“The SIA was formed in 2016 because of our students,” said Walsh. “They wanted to be able to do something positive for the history of Gettysburg but also for the Indigenous body on campus and in the community.”

When current SIA leader Samuel Ventimiglia ’22 arrived at Gettysburg, he was looking to join a club that shared his passions for allyship. In high school, the Maryland native was a youth ambassador with The Tipi Raisers, a nonprofit that works to raise awareness of the conditions of the Pine Ridge Indian Reservation in South Dakota, empowering Native youth. After being introduced to SIA by a friend in his first year, he felt an urgency to encourage the Gettysburg community—students, alums, faculty, staff, and leadership—to join him in asking critical questions and engaging in positive action.

“The memory of Gettysburg’s Civil War history is drilled into our collective memory, but how often do we reflect on the history and continuing legacy of the Indigenous peoples who used to live on this land, who were unjustly removed, and who continue to have an active presence in the area?” asked Ventimiglia. “When we omit parts of history, we fabricate an ahistorical, yet powerful memory.”

Putting pen to paper

Last year, Gettysburg College released a Land Acknowledgement Statement to formally recognize that the land on which the campus sits is Indigenous land. The full Statement—written during the 2020-21 winter break by members of the College community, including then-SIA president Sydney Dranow ’21 and then-vice president Mary Kate Danberg ’21, Anthropology Prof. Kirby Farah, Indigenous students and alumni, and more—reads:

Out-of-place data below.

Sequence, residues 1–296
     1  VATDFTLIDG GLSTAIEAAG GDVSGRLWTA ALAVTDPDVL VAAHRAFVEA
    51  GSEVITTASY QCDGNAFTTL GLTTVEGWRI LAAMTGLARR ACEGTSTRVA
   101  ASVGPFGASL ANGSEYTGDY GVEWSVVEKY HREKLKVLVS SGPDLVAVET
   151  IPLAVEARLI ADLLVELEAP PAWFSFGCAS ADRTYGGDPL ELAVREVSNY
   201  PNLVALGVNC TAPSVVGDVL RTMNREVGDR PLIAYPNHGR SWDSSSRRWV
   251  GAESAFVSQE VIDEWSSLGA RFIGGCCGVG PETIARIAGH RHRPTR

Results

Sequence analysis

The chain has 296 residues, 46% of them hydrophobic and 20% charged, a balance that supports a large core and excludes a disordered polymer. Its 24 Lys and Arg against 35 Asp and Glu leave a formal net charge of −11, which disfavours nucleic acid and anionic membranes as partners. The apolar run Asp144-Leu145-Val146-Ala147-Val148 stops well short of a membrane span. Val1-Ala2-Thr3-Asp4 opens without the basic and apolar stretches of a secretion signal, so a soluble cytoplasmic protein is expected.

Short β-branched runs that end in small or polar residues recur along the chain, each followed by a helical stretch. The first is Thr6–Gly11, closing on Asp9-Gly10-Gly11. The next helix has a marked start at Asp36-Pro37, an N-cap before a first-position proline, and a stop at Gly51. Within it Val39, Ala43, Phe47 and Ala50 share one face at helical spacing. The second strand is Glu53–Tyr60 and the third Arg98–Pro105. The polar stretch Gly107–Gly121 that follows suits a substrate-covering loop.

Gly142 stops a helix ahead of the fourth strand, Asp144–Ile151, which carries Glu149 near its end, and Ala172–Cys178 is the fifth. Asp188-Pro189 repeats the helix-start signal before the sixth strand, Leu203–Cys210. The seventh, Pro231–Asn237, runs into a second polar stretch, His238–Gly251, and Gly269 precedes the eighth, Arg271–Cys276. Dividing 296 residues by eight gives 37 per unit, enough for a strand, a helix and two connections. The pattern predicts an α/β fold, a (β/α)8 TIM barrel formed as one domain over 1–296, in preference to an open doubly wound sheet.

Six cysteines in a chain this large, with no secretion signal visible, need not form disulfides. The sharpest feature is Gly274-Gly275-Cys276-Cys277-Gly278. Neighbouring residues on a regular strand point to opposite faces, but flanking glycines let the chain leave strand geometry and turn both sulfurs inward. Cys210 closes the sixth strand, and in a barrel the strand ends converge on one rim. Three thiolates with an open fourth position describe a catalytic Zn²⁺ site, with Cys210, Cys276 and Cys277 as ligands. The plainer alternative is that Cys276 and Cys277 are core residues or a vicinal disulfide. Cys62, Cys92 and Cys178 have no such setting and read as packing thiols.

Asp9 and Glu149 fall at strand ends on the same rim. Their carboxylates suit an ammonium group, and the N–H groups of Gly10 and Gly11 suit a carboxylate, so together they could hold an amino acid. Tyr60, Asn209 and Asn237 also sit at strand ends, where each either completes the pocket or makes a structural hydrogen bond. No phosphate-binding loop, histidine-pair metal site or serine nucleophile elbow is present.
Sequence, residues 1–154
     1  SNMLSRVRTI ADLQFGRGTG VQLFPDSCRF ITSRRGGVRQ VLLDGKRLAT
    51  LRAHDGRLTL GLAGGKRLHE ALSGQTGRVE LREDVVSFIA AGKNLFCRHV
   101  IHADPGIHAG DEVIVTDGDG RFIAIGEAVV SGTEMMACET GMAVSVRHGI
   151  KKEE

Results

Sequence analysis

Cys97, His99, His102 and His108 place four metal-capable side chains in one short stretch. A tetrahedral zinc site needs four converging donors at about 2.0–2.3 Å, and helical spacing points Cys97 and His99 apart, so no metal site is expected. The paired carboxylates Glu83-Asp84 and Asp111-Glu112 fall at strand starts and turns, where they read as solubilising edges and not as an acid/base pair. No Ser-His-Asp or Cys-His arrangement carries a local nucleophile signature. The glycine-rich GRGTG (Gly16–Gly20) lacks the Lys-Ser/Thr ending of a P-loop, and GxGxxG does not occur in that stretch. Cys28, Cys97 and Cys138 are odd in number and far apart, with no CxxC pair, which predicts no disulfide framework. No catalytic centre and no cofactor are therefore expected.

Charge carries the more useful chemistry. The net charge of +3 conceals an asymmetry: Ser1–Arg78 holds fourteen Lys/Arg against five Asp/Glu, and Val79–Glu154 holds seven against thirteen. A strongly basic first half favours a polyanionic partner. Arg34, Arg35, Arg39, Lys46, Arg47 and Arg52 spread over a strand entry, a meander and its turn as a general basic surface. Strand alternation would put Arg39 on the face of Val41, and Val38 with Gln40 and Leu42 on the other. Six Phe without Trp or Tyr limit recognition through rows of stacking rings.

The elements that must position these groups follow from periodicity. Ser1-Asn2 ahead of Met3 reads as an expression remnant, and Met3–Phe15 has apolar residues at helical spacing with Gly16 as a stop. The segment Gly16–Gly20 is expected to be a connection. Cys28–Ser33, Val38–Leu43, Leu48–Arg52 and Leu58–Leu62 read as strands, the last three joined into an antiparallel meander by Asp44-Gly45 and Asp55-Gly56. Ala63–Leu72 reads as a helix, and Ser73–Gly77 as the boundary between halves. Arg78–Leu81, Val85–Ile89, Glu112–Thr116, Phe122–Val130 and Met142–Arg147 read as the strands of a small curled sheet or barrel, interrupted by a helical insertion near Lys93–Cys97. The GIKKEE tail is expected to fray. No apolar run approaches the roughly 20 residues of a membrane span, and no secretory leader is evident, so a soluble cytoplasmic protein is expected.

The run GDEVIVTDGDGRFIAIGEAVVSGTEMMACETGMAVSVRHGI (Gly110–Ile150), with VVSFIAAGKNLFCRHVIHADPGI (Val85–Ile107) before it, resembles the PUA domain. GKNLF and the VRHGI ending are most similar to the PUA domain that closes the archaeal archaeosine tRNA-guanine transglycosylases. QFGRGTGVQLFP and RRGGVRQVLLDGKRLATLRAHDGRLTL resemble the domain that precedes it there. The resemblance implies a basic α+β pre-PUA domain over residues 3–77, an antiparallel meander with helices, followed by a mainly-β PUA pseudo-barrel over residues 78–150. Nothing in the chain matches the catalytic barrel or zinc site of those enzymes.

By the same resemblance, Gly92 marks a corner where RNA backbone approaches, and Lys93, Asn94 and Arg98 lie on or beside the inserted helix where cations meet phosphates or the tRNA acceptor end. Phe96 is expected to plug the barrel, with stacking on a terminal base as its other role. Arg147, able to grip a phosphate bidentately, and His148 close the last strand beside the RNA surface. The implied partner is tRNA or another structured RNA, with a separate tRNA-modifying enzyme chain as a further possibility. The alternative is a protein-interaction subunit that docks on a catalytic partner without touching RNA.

Gettysburg College is on unceded Indigenous land including the traditional homelands of the Susquehannock/Conestoga, Seneca and the Haudenosaunee Confederacy, Leni Lenape, and Shawnee Nations, and the connections of Indigenous Peoples to this land continue today. We have a responsibility to honor these connections and we strive to understand our place within the past, present, and future of this Indigenous land by reflecting on our relationships with the human and other-than-human relatives with whom it is shared.

This effort was years in the making, as the idea for this Statement was first introduced by the SIA club in 2016 under the leadership of SIA co-founders Samantha Trueman ’17, Kristy Garcia ’17, and Mary Margaret Blum ’18.

“We all took classes with Dr. Stephanie Sellers, who deeply inspired us to become activists for Native rights,” explained Trueman, who has Blackfoot ancestry. “As a forester and environmental activist, it means quite a lot to me to know that the original peoples of this land had intricate societies and advanced infrastructure, while still living harmoniously with nature. It’s imperative for people to comprehend the alternate possibility of a more sustainable society.